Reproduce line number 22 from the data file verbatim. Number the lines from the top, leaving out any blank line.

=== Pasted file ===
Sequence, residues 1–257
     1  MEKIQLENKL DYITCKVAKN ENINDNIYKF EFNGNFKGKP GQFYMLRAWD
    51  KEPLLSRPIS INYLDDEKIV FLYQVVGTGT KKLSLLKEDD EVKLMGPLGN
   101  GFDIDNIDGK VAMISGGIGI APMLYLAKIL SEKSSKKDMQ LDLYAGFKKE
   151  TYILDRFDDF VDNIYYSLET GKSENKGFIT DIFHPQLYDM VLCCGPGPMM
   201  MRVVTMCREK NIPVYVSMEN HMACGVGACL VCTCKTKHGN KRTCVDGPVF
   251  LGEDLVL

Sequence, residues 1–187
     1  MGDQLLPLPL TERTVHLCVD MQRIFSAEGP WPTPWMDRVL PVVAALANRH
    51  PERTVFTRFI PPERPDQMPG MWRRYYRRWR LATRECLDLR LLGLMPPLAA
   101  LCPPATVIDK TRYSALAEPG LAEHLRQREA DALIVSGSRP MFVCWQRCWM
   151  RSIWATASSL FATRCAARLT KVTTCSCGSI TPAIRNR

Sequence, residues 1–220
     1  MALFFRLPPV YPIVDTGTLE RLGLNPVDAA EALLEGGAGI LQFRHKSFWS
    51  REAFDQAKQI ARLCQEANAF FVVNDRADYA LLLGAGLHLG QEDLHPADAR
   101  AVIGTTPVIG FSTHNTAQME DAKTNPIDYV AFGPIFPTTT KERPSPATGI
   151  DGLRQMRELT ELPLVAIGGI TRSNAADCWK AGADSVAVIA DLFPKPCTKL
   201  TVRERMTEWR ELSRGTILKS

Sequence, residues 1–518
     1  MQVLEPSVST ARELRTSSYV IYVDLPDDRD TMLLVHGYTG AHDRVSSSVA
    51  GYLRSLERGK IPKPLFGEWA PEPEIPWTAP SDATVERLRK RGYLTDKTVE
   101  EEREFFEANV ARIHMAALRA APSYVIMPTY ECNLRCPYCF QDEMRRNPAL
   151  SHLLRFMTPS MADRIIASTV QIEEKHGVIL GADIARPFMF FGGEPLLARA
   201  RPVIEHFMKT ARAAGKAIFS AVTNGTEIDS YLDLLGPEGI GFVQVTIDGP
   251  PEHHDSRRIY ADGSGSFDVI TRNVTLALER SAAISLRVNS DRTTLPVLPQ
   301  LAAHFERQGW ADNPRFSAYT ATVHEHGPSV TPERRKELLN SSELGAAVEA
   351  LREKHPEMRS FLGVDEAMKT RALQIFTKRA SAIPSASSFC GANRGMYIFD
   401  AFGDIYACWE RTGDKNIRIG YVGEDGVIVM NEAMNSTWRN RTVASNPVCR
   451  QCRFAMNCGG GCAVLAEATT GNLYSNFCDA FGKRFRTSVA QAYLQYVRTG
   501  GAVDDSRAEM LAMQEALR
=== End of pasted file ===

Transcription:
   101  EEREFFEANV ARIHMAALRA APSYVIMPTY ECNLRCPYCF QDEMRRNPAL